The term automation supplier usually identifies an inductive proximity sensor or metal sensor – the inductive sensor is the most commonly utilised sensor in automation. There are actually, however, other sensing technologies that use the phrase ‘proximity’ in describing the sensing mode. Included in this are diffuse or proximity photoelectric sensors that utilize the reflectivity in the object to change states and ultrasonic sensors which use high-frequency soundwaves to detect objects. Every one of these sensors detect objects that happen to be in close proximity towards the sensor without making physical contact.
One of the most overlooked or forgotten proximity sensors that you can buy may be the capacitive sensor. Why? Perhaps it is because they have a bad reputation going back to when they were first released years back, since they were more vunerable to noise than most sensors. With advancements in technology, this is no longer the case.
Capacitive sensors are versatile in solving numerous applications and may detect various types of objects for example glass, wood, paper, plastics and ceramics. ‘Object detection’ capacitive sensors can be identified by the flush mounting or shielded face of your sensor. Shielding causes the electrostatic field to be short and conical shaped, similar to the shielded version of your proximity sensor.
Just as there are non-flush or unshielded inductive sensors, there are also non-flush capacitive sensors, and the mounting and housing looks the same. The non-flush capacitive sensors use a large spherical field that allows them to be applied in level detection applications. Since capacitive sensors can detect virtually anything, they are able to detect quantities of liquids including water, oil, glue or anything else, and so they can detect quantities of solids like plastic granules, soap powder, dexqpky68 and all sorts of things else. Levels can be detected either directly the location where the sensor touches the medium or indirectly in which the sensor senses the medium through a nonmetallic container wall.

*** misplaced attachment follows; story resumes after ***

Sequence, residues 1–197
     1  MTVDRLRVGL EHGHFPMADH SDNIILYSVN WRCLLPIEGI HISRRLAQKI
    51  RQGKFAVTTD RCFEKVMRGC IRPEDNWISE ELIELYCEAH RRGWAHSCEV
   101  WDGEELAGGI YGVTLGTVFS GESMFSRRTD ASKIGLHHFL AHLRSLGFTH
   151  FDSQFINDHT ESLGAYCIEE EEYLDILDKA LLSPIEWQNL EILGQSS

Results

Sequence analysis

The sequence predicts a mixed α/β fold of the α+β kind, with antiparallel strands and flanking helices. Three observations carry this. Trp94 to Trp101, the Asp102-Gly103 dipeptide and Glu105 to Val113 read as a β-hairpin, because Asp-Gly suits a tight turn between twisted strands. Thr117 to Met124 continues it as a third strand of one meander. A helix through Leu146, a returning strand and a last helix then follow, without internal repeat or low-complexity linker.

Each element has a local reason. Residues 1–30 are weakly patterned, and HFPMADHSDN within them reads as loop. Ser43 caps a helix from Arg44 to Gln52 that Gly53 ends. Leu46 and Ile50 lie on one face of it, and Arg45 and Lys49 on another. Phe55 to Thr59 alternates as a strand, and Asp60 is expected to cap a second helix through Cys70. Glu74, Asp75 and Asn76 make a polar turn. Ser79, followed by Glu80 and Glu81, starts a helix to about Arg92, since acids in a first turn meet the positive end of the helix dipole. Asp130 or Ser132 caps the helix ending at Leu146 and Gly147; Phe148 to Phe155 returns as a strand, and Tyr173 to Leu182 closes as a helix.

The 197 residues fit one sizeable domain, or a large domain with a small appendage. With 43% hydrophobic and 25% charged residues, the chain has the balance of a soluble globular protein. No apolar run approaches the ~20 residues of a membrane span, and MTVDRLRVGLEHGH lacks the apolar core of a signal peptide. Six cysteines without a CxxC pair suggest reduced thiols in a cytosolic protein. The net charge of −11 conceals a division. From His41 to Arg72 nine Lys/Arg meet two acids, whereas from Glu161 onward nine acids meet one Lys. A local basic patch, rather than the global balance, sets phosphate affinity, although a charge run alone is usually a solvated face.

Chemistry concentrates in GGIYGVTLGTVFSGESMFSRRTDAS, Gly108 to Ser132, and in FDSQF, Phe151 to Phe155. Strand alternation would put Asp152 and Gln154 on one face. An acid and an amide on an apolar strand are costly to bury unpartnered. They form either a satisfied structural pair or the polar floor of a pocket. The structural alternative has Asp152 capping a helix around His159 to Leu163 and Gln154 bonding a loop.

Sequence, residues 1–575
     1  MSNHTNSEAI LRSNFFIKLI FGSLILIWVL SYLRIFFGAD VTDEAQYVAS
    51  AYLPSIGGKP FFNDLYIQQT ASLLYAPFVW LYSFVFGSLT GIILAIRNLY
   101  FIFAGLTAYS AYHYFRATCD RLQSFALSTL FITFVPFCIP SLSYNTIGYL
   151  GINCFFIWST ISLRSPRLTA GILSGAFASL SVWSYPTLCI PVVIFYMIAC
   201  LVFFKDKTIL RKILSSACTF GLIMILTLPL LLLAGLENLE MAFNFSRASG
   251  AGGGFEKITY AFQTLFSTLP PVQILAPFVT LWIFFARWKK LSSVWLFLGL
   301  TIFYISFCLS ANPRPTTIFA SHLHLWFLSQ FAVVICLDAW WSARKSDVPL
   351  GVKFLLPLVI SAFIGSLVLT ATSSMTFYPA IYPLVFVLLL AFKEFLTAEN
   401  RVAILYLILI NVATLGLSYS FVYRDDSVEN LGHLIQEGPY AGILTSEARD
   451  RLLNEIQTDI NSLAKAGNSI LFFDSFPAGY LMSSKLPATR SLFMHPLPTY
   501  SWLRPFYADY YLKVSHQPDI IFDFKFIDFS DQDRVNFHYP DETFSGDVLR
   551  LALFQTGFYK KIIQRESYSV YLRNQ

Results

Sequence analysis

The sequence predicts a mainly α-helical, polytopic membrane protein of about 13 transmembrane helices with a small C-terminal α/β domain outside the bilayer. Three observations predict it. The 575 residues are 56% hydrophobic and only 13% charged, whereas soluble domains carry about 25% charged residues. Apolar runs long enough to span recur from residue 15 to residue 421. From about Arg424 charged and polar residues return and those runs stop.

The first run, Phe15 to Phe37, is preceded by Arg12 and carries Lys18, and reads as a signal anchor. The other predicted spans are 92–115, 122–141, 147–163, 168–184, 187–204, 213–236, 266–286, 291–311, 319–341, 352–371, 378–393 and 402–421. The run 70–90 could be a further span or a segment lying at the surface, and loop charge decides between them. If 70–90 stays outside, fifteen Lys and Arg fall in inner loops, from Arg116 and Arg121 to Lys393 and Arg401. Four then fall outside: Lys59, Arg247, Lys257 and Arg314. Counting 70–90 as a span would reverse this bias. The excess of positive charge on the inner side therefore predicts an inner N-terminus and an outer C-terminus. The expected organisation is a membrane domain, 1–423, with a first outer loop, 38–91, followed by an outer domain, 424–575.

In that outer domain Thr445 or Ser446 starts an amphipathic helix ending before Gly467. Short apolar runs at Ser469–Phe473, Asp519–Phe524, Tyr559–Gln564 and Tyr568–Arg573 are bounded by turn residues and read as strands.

With improvements in capacitive technology, sensors have already been designed that could make amends for foaming, material build-up and filming water-based highly conductive liquids. These ‘smart’ capacitive sensors are based on the conductivity of liquids, plus they can reliably actuate when sensing aggressive acids like hydrochloric, sulfuric and hydrofluoric acids. Moreover, these sensors can detect liquids through glass or plastic walls around 10 mm thick, are unaffected by moisture and require a minimum of cleaning over these applications.
The sensing distance of fanuc parts depends upon several factors such as the sensing face area – the greater the better. The subsequent factor is definitely the material property in the object to be sensed or its dielectric strength: the higher the dielectric constant, the higher the sensing distance. Finally, how big the objective affects the sensing range. Just like having an inductive sensor, the prospective will ideally be similar to or larger in size compared to the sensor.
Most capacitive sensors possess a potentiometer to enable adjustment in the sensitivity of your sensor to reliably detect the prospective. The highest quoted sensing distance of the capacitive sensor is dependant on metallic target, and so there exists a reduction factor for nonmetal targets.
Although capacitive sensors can detect metal, inductive sensors needs to be employed for these applications for optimum system reliability. Capacitive sensors are perfect for detecting nonmetallic objects at close ranges, usually below 30 mm and also for detecting hidden or inaccessible materials or features.